International edition
September 20, 2021

In a roundtable discussion at the Southern Gaming Summit

Casino operators watching Alabama and Florida

(US).- Operators taking part in a roundtable discussion at the Southern Gaming Summit this week said if gaming opens up in Alabama and Florida, they may stop marketing to the three- to five-hour drive-up customer, which has been a mainstay in markets like Biloxi and Tunica.


recession on the heels of a devastating hurricane has dealt Mississippi casino operators a bad hand over the last several years, and now operators fear the expansion of gambling in nearby states could cannibalize the industry.

Country Crossing, just south of Dothan, had more than 1,700 electronic bingo machines in operation before shutting down earlier this year to avoid a raid by the Governor’s Task Force on Illegal Gambling. Several thousand electronic bingo machines are currently in operation at Victoryland in Shorter, though the governor has made attempts to raid that facility as well. The issue of the legality of electronic bingo in Alabama is still unresolved.

“We all need to understand what is going to happen in Alabama and it needs to be settled,” said Virginia McDowell, president and COO of Isle of Capri Casinos. With no voter referendum and no Supreme Court action as of yet, Alabama remains in limbo, she said, and marketing decisions for that drive-in market will have to be analyzed. She said charter flights from Atlanta might be a more useful marketing strategy if gaming comes to Alabama.

“We look at this market and pressure as far as Alabama casinos and as far as Florida casinos. We are all marketing to the same customer base and don’t see where growth will come,” she said. Growing competition is especially a cause for concern in a state that has suffered year-over-year losses.

“From the standpoint of Mississippi,” said Anthony Sanfilippo, president and CEO of Pinnacle Entertainment, “there is more competition in Florida and Alabama. Louisiana has a strong complex of casinos. Oklahoma has more than 100 casinos. So, you have a weakened economy with so much more supply. Compared to 10 years ago, we are in a much different place.”

Scott Barber, regional president for Harrah’s Entertainment, said that, absolutely, the large-scale bingo facilities operating in Alabama affect his operations. Harrah’s customers come from Huntsville, Birmingham and Mobile, and can easily stay in-state to gamble. “It’s not a huge part, but it is a part of our market share,” he said. And while any expansion of gaming improves the industry’s big picture, it doesn’t help Mississippi.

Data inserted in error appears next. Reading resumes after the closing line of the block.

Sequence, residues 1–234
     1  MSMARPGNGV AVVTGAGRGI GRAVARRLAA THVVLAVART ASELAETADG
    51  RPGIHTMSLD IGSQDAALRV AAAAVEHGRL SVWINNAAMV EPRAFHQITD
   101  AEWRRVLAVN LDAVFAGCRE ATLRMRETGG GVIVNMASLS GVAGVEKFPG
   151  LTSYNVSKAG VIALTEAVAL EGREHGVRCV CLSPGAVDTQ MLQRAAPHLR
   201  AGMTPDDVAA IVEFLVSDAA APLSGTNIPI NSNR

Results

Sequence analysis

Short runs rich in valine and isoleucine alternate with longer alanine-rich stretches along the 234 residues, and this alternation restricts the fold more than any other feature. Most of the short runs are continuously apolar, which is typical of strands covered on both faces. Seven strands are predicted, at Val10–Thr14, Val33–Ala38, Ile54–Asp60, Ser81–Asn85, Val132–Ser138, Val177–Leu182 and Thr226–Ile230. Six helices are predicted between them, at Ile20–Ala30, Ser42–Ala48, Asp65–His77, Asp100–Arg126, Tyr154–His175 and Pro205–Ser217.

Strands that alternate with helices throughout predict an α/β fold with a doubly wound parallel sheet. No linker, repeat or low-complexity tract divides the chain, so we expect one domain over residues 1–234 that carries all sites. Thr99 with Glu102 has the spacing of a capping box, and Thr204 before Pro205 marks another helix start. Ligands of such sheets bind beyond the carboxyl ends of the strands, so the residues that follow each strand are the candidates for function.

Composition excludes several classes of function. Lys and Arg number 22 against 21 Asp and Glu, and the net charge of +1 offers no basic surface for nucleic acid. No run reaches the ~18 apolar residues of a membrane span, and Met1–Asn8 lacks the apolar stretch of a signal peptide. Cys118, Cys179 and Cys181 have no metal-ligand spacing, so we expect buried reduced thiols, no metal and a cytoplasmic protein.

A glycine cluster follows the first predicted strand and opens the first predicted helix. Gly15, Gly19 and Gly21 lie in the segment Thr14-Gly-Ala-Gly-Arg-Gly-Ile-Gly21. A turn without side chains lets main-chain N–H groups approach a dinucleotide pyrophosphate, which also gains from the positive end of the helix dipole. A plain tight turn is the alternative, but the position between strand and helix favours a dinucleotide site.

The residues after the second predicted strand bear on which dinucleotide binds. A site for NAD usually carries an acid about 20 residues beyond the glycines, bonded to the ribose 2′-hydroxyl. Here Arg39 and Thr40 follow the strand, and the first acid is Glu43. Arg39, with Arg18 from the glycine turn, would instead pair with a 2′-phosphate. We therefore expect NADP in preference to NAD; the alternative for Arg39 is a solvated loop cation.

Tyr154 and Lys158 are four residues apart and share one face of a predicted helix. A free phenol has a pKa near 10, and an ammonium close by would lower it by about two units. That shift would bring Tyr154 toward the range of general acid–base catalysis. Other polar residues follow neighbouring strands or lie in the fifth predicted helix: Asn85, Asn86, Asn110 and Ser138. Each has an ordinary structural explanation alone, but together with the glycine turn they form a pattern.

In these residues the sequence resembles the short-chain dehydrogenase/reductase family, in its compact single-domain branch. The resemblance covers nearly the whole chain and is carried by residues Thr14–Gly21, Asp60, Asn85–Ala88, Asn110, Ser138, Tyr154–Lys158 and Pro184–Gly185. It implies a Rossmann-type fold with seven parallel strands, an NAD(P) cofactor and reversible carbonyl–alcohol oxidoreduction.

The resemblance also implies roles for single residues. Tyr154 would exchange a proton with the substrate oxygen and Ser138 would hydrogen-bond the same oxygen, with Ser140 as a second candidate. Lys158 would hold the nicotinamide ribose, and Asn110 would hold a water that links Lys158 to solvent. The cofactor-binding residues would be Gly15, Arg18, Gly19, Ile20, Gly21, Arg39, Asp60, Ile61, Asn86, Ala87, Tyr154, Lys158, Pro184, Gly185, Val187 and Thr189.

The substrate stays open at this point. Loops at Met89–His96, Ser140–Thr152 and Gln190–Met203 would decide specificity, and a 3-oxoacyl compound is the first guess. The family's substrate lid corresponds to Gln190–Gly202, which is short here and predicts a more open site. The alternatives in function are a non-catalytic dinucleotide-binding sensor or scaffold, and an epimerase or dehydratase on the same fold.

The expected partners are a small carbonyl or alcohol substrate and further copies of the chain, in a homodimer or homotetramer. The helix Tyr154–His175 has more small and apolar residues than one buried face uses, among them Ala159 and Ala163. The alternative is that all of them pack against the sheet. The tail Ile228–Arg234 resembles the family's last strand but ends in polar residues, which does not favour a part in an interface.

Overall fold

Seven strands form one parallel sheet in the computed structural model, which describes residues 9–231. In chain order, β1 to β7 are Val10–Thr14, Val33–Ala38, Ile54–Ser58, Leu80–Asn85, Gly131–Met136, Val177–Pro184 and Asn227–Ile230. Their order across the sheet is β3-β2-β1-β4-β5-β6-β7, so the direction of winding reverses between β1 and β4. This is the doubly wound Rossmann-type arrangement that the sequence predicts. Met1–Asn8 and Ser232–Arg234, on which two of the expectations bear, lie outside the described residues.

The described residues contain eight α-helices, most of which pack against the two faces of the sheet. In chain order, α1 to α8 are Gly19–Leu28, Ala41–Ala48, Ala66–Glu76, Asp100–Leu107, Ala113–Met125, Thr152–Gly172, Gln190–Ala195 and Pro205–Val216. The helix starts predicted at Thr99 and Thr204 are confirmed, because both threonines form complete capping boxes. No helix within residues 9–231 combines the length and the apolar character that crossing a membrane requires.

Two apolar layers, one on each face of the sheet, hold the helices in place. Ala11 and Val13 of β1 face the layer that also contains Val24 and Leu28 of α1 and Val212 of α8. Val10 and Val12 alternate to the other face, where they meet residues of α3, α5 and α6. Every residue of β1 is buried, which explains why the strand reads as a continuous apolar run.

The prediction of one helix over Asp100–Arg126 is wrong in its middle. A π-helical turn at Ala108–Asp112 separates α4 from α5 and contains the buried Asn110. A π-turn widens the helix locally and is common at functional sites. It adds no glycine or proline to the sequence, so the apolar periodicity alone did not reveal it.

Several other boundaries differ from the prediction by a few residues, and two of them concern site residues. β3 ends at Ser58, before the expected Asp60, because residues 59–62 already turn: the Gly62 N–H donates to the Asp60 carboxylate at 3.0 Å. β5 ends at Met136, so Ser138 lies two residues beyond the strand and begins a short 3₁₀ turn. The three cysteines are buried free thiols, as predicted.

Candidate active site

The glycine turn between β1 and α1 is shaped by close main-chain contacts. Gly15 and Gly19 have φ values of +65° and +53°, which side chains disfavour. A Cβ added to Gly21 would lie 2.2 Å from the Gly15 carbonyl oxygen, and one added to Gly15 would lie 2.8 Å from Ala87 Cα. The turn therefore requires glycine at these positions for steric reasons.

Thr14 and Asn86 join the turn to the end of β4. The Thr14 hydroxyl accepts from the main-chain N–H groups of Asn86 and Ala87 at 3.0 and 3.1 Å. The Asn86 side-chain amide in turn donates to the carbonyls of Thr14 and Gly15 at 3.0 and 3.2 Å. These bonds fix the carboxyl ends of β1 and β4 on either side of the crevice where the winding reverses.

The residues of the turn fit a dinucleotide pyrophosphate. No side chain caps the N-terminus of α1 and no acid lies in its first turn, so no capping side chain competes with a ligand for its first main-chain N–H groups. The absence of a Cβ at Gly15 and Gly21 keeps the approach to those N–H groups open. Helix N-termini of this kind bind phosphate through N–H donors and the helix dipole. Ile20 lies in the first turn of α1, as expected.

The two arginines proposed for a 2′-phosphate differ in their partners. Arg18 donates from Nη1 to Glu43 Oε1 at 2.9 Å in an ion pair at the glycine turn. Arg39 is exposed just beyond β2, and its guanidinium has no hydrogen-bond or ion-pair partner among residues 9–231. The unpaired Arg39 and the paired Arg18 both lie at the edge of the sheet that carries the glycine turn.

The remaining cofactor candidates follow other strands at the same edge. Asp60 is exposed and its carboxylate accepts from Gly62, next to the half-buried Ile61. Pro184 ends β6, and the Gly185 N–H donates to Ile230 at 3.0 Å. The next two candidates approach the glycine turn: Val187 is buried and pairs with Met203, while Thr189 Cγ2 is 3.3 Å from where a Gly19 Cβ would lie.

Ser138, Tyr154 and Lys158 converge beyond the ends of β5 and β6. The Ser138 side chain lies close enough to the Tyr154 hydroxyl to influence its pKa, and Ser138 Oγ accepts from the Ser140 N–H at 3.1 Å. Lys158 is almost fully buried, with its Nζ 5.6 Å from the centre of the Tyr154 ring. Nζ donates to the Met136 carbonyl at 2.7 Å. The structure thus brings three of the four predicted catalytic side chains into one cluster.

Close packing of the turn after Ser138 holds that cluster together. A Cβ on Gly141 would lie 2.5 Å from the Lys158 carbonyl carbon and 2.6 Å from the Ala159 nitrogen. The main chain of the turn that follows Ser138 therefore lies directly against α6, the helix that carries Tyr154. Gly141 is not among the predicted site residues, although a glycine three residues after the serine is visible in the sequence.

Pinnacle does not have a casino in Mississippi, but Sanfilippo said he would love to locate in the Magnolia State because of its low tax rate and strong support from government officials who helped the industry rebuild after Hurricane Katrina hit the Gulf Coast in August 2005. He called it a gaming-friendly state. “I love Mississippi,” said Sanfilippo. “Governor (Haley) Barbour reacted quickly in a bad situation. The Gaming Control Board is made up of three thoughtful individuals who see gaming as a business. The state has a reasonable tax rate and we don’t take that for granted.”

Operators said their biggest revenue declines last year were in Mississippi and Louisiana. Properties in the Midwest did the best, particularly those in Missouri because of a change in law there.

Paul Alanis, CEO of Silver Slipper Gaming, said the biggest worries for Mississippi casinos are competition that cannibalizes the existing market, hurricanes, "and now oil slicks." As a way to attract new customers and increase the frequency of current customers, Alanis said he takes a discount store approach. “People are looking for customer value,” he said. “That’s what Wal-Mart does so well. Last year was very difficult. We see a definite up-tick this year but it is too early to call it a trend.”

Operators said customer surveys show them that people want a whole experience – a nice hotel room, a spa, entertainment, retail availability, and beverages and fine dining. “We talked to customers about what was important to them and it was a higher standard,” McDowell said. “We’ve elevated the experience.”

She said more and more people are enjoying the social aspect of gaming. As Internet gaming increases, McDowell said playing at home does not offer the connection of a social environment.

The two-day Southern Gaming Summit was expected to draw 4,000 attendees. It was held concurrently with the Bingo World Conference, which addressed many of the same topics from a bingo perspective.

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